If I were to ask you to draw a street, you might pull out a piece of paper and a pen, put down a few lines to make a road, then add a series of rectangles to divide lanes. Maybe you’d go so far as to draw a car or a stoplight. But whatever you ended up with would look a lot like a drawing–an illustration of a road, more than a road itself.
Uncanny Road, on the other hand, is a tool that lets you create a photorealistic road from scratch with the help of AI. Created by Latent Studio— the two-man team of Cristóbal Valenzuela and Anastasis Germanidis–Uncanny Road is a site that lets you paint a simple, Microsoft Paint-esque color grid of streets, sky, bike lanes, and buildings, wherever you like. Then it applies an algorithm that can turn these color maps into photo-like textures. In theory, it should let you paint picture-perfect cities.
The intent behind the project is not that Uncanny Road can create ideal city streets from scratch, however, but that its entire UI is something of a proof point, to show that everyday people can leverage the power of these convoluted machine learning algorithms. (In this sense, it’s a spiritual successor to AI experiments by Google and Adobe.)
“This experiment was built to investigate and explore how machine learning techniques can be used for generative and creative processes,” the Latent Studio team explains over email. “Specifically, we think technologies like this can be used to augment a creative workflow. We are interested in seeing what architects, designers, artists, and people outside the traditional computer science realm can do with technologies like these inside their fields of expertise.”
Using Uncanny Road myself, I try a few tacts. First I paint a typical scene from their rubric, a street with a bike lane, some buildings, and trees. It’s respectable, but as a realistic road generator, Uncanny Road, frankly, fails in that way so many AI imaging programs do. Trained to reproduce a street without any real understanding of what a street is creates a mess of murk that leans toward digital impressionism. But as I began using Uncanny Road in another way, as a turnkey portal into the surreal–breaking the laws of physics by putting cars into the air–I find it to be a kind of fever dream caught somewhere between the minds of Salvador Dalí and Gustave Caillebotte.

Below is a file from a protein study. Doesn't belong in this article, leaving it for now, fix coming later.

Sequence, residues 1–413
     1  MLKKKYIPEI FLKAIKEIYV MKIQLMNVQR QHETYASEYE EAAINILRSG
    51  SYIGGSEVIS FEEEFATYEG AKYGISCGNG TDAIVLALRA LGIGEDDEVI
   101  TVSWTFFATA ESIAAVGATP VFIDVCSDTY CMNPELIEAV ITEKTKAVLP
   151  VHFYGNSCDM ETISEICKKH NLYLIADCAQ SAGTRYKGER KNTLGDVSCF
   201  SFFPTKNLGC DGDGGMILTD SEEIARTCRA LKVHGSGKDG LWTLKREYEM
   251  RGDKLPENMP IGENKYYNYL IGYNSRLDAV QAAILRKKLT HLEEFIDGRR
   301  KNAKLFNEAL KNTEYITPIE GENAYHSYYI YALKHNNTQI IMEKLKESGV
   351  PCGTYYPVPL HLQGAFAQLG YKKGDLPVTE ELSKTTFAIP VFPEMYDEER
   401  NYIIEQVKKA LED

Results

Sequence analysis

“The tool allows for the creation of some surreal scenes that still maintain a sense of realism,” the team says. “People’s first instinct seems to be to try to ‘break’ the model and identify its shortcomings–by drawing elements out of proportion (e.g. gigantic people) and seeing how the model responds.”
Going through Uncanny Road’s own endless highway of user-submitted streets, I don’t think that these scenes are crafted with the specific hope of breaking Uncanny Road, but, in essence, fixing it. Many of the generated scenes I found on the site were along the lines of the surreal, I suspect, simply because Uncanny Road is not the perfect tool for representational art. However, as a means for self-expression, Uncanny Road is fascinating in a way that celebrates its shortcomings. It’s the tease for a future when AI can’t entirely replace human behavior, but augment it.